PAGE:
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According to the Charlotte Observer, Elevation Church is planning on an expansion that could cost around $30 million: Elevation, one of the country’s fastest-growing evangelical congregations, plans to build a $20 million facility in Ballantyne to house its administrative staff, along with a 1,500-seat sanctuary. Elevation also is considering two sites in Huntersville for a campus there. In all, the projects will cost more than $30 million. This month, Elevation hopes its new “Banner Years” campaign will raise the up-front money needed so the church can pay cash for the sites – $3.5 million for 20 acres off U.S. 521 in Ballantyne, and another $2.5 million for the Huntersville tract of its choice. “We are not building a church for our own benefit. We are designing a movement for the glory of God,” Pastor Steven Furtick said in announcing the campaign. “Which means we can’t stop or back down … We want to be available and ready to launch new Elevation locations anytime and anywhere God leads.” Elevation, a Southern Baptist congregation that is only 7 years old, already has seven Charlotte-area campuses plus an extension church in Toronto. In 2008-09, the congregation raised $4.6 million to build Elevation Matthews. Its 2010 “Kingdom Come” campaign funneled $5.1 million toward its Blakeney location. Church leaders say they have pre-approval for a loan to pay the estimated $25 million needed to build and equip the Ballantyne and Huntersville projects. Plans call for the work be completed by 2014. As of Saturday night, and a little more than a week into its “Banner Years” campaign, Elevation had already raised $5 million, most of which will go toward buying the land, spokeswoman Tonia Bendickson said. // Read more here…

Wow… Steven Furtick is getting some bad blog press from some of the watchdog blogs about publishing a resource kit for churches on how to host a ‘spontaneous baptism’. You see, Elevation Church baptized 2,158 over two weekends recently, giving people the opportunity to get baptized on the spot. And they’ve published a guide and learning piece showing what they needed to do behind the scenes to make this happen. Logistics, you might say. But one blogger finds the document proves that the goal was ‘clearly numbers, and an opportunity to create excitement, get people in the community talking, hence new people keep coming through the doors.’ Hogwash. It’s called being prepared for what God might do. Whether you agree with the whole ‘spontaneous’ baptism thing that many churches are doing (which I think is probably more biblical than announcing it a few weeks beforehand and asking people to mill it over as we do in most churches), the document is interesting… and it shows the amount of planning and leadership that it takes to be prepared. In our churches… there are few things that just happen.  Most everything takes a good measure of planning and leadership… even spontaneous baptisms. What’s YOUR take? Todd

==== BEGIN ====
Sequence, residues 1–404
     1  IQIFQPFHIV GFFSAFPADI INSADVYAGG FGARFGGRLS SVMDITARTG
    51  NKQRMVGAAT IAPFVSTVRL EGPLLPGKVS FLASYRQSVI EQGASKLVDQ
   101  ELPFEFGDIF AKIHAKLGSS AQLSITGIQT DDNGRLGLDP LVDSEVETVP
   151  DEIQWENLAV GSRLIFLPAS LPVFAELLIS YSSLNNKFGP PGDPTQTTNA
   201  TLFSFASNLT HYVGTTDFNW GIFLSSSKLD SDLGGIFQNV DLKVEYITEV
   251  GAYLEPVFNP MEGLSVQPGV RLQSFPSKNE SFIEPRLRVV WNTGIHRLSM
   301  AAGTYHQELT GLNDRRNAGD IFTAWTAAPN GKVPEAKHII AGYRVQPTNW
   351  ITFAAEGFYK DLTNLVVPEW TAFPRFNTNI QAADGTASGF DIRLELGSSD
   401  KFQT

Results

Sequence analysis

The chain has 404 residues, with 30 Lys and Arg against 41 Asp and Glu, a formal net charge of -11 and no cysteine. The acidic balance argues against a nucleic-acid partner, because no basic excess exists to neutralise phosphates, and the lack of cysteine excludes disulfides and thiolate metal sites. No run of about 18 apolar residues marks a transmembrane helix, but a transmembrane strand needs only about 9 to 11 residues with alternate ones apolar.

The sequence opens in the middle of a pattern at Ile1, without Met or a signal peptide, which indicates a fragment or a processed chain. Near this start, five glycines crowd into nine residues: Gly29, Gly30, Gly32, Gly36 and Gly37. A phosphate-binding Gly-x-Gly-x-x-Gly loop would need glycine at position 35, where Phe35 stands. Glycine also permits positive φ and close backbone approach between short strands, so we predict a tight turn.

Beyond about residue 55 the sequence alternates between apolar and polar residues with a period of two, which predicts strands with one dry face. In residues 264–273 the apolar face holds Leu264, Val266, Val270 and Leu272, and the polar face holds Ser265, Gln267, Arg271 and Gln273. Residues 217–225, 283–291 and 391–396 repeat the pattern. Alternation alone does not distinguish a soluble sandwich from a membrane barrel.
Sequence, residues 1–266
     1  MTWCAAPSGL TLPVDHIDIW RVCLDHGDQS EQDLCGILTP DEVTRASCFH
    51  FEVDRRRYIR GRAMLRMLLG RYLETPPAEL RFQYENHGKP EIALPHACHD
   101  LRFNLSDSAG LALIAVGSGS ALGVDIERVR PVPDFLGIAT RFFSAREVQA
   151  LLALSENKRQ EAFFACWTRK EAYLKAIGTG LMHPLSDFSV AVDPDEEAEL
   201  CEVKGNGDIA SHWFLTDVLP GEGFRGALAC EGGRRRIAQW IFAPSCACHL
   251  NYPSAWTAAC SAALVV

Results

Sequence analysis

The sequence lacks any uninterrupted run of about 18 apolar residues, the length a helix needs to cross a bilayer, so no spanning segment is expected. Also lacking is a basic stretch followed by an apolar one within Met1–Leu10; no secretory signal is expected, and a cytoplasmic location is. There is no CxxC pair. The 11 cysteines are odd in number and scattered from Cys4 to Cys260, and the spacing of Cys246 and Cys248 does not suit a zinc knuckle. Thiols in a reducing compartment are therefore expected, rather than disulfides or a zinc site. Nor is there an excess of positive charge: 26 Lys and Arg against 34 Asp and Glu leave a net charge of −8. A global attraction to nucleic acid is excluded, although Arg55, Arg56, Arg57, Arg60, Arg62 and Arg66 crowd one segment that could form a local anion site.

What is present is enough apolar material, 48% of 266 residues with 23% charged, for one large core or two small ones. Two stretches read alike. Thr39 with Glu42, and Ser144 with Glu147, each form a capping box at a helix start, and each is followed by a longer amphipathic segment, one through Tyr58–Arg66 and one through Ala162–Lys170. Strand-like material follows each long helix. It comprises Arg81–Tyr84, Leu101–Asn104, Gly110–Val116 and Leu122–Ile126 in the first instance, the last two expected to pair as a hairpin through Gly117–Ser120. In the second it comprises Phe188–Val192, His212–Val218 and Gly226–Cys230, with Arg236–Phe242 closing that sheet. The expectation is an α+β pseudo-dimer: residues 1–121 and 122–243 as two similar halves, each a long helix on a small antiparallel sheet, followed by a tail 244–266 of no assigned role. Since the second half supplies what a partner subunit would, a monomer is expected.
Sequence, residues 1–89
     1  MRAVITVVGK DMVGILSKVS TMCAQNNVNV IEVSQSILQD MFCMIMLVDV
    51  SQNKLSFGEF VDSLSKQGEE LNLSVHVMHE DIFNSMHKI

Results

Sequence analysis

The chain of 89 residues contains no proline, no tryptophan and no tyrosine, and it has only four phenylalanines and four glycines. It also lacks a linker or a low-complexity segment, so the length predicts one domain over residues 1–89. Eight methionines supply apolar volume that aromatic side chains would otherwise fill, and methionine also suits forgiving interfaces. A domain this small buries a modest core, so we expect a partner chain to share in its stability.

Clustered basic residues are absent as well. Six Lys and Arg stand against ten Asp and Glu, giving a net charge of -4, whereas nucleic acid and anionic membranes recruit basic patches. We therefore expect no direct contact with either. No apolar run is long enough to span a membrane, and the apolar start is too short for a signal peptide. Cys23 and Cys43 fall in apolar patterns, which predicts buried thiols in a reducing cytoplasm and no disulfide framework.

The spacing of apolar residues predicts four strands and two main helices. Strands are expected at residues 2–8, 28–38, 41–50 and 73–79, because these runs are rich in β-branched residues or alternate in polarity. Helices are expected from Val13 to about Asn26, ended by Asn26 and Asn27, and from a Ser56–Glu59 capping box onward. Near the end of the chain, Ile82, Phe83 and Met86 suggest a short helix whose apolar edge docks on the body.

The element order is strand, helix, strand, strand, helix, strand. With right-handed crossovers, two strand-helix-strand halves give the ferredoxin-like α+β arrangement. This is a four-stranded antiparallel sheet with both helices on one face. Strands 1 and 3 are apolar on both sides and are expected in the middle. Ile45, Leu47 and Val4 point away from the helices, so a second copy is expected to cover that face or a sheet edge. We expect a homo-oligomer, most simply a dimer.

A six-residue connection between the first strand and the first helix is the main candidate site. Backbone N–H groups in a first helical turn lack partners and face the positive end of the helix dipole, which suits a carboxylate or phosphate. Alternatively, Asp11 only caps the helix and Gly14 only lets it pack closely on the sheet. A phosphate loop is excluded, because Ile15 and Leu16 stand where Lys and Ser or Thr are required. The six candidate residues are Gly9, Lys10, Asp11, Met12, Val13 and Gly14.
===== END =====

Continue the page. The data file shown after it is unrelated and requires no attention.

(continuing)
Current Events
According to the Christian Post, Elevation Church is kicking off a 12-day “Holy Ghost, old-school revival” on Wednesday in hopes of seeing God move in a big way this new year. Craig Groeshel, Pastor T. D. Jakes, and Christine Caine are the speakers – for what it is calling the “Code Orange” Revival. Code Orange is meant to imply a heightened sense of urgency. The website states: “Probably the most fitting example that relates to our revival is the description for the Code Orange stage of a volcano: Exhibiting heightened or escalating unrest with increased potential of eruption, timeframe uncertain.” The hope for the revival is for it to be “an eruption of [God’s] power and movement among us in 2012,” according to Elevation. “The purpose of this revival isn’t to develop a bunch of lazy Christians where we can all get fat and happy off the Word of God but so that we can become what Ezekiel (Old Testament prophet) calls a ‘vast army’ or what the disciples experienced in Acts 2 when on the day of Pentecost 3,000 people were saved that day,” said Elevation Pastor Steven Furtick on Sunday. He noted that “even in a religious city like Charlotte there’s a lot of dead, dry religion” and what he wants God to do is “revive us, bring us to life in a brand new way.” More here from the Christian Post.

Steven Furtick says he is asked quite often how Elevation Church has been able to see so many people come to Christ in just five years.  Here’s his answer: Outside of the favor of God, I could give you a lot of specifics. Tell you a lot of things that we’ve done. But none of it will help you until you make a decision we made in the early days of our church. And that was the decision to be more focused on the people we’re trying to reach than on the people we’re trying to keep. To be fishers of men, not justkeepers of the aquarium. We’re not going to cater to the personal preferences of the few in our pursuit of the salvation of the many. And that includes if the few is ten people when we’re pursuing one hundred. Or 5,000 when we’re pursuing 10,000. Or 10,000 when we’re pursuing 20,000. Most people and churches aren’t willing to do that. They’re keepers of the aquarium. They say they want to reach people, but in reality they’re more focused on preservation than expansion. On keeping people rather than reaching them. They let saved people dictate style. Saved people dictate focus. Saved people dictate vision. What kind of church is yours? Do the SAVED dictate your style, focus and vision? If so… why?  Is it on purpose or just the way your church’s culture is? Read more of Steven’s thoughts here… Todd